Normally, by mid-August the presidential field would be set. But the 2012 cycle is anything but normal: Rick Perry entered the race this weekend, and he may not be the last. Paul Ryan is reportedly pondering a run. Sarah Palin’s bus tour is up and running again. Rudy Giuliani has said he’ll make a decision by September. And Karl Rove is suggesting Chris Christie could still be a welcome addition.
Polling, too, suggests that several of those possible candidates could have an impact on the race.
In the Daily Caller/ConservativeHome tracking poll, Chris Christie has sat at or near the top of the pack since the beginning. In June, before he was removed from the poll, 15.2 percent of likely Republican primary voters said he was the most electable candidate, outperforming everyone except for Mitt Romney. And 14 percent named Christie their top choice for president, tying him with Sarah Palin, behind Herman Cain, but ahead of Mitt Romney. (RELATED: Who has the best job-growth record)
Paul Ryan was less of a powerhouse but performed well for someone whose name had not been discussed often as a presidential hopeful. In June, before he too was eliminated from polling contention, 6.5 percent named him as their top choice. That put Ryan near the bottom of the pack, but still above declared candidates John Huntsman, Tim Pawlenty, Rick Santorum, Ron Paul and Newt Gingrich.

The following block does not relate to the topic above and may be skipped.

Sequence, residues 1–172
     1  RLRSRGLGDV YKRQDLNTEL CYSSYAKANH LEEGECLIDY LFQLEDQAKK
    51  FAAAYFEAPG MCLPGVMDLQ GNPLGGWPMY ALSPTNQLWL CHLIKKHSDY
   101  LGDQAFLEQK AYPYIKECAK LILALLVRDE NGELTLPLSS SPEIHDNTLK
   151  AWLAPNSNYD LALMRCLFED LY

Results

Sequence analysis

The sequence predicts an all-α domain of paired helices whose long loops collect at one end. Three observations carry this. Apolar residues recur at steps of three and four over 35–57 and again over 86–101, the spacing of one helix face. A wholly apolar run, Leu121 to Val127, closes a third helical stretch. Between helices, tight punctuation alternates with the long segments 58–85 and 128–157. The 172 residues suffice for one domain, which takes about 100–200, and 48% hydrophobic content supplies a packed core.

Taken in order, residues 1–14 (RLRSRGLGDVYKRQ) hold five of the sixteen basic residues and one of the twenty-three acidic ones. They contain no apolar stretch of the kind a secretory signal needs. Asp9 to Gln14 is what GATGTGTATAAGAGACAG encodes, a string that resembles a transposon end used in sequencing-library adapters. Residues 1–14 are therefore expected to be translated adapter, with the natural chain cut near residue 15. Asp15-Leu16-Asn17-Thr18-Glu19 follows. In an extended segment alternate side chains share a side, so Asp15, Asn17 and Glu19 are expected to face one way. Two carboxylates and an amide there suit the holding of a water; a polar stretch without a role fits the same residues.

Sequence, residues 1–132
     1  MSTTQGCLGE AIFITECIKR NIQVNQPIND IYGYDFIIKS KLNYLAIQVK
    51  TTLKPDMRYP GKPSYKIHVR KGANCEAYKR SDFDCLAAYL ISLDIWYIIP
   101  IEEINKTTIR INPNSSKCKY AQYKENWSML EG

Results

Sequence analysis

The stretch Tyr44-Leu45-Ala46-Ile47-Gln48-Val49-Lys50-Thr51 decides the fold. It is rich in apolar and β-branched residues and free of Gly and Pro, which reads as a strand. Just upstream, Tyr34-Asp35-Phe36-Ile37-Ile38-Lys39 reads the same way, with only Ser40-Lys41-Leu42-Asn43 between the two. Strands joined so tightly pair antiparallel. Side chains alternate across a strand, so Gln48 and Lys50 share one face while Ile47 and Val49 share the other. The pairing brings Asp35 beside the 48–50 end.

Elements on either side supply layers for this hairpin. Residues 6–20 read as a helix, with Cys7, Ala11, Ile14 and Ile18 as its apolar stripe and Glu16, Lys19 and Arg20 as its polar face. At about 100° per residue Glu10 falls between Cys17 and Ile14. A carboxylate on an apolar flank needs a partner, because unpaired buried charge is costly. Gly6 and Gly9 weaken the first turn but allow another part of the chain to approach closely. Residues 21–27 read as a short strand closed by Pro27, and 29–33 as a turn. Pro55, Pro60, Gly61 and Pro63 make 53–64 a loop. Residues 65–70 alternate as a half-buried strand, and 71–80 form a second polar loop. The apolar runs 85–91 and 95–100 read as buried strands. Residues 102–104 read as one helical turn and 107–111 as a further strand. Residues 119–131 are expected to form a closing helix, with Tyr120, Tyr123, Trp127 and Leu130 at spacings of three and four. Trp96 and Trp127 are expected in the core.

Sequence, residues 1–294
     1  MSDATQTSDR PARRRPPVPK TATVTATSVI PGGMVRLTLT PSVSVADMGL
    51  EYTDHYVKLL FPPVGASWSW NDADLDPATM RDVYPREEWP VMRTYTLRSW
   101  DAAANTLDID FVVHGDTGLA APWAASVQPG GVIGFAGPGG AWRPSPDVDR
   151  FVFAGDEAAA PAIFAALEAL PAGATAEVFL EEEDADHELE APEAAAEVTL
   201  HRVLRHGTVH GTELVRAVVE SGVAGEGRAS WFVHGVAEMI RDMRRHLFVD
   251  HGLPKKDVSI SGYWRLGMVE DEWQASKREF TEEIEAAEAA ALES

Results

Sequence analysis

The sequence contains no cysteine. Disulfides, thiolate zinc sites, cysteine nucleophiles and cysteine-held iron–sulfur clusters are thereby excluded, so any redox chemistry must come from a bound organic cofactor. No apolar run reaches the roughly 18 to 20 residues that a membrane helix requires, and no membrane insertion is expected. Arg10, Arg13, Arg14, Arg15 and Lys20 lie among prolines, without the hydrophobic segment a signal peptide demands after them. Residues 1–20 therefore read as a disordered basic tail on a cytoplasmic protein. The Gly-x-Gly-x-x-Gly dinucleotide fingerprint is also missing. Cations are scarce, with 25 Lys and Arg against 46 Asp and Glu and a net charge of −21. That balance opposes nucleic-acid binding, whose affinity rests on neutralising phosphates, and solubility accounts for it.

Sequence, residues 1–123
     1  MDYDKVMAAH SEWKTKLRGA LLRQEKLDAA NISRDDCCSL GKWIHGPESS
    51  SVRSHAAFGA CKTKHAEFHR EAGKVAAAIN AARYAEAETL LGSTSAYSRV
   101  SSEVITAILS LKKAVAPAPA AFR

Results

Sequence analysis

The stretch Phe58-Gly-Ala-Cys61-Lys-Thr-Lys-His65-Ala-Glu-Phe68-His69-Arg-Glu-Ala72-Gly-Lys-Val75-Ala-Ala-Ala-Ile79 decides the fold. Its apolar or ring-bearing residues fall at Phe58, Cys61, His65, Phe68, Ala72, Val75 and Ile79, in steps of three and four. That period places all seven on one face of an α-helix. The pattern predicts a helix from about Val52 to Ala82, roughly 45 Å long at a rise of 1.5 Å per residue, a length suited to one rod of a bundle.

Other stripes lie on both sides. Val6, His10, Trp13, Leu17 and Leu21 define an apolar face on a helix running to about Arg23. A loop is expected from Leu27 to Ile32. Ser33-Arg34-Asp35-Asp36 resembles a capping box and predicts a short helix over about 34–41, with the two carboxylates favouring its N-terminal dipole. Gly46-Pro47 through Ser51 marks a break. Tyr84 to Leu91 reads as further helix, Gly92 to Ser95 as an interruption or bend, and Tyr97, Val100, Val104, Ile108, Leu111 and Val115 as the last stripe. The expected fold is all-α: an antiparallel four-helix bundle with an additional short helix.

In other national polls, Palin and Giuliani regularly poll at the top. A national CNN/Opinion Research Corporation poll released last week found Giuliani and Palin tying Ron Paul for third place in the primary field, just three percentage points behind Mitt Romney. The same poll found that in a general election, only a Giuliani candidacy would deny President Obama four more years in the White House.
It’s worth noting, of course, that Giuliani was in the same position during the last presidential cycle — on top of the national polls — even after it became clear that he had no chance of winning the nomination.
For that reason, state-leve polls may be more instructive.
In the most recent WMUR/University of New Hampshire poll, conducted from end of June into the first of July, Giuliani ranked a distant third among Granite Staters, tying Ron Paul with 7 percent of the vote. Romney led with 35 percent, followed by Bachmann with 12 percent. Giuliani regularly polls around 7 percent in most New Hampshire polls.
Of course, the race changed considerably last weekend. Pawlenty is out, Perry is in, Bachmann is the favorite in Iowa after winning the Ames Straw Poll, and, for the moment at least, the race has a new front-runner in the Texas governor. So the old polling, at this point, is just that: old.
It’s still not clear what kind of impact the undeclared candidates could have if they jumped in.
“Palin’s on again, off again engagement with voters has worn thin and they have turned to Bachmann,” one Republican political consultant told TheDC. “There is virtually no one who will write a check to Rudy 2012 after Rudy ’08, and Bolton is not a politician, which is a requirement for getting elected. Ryan is a smart guy, and has to recognize that he is not ready”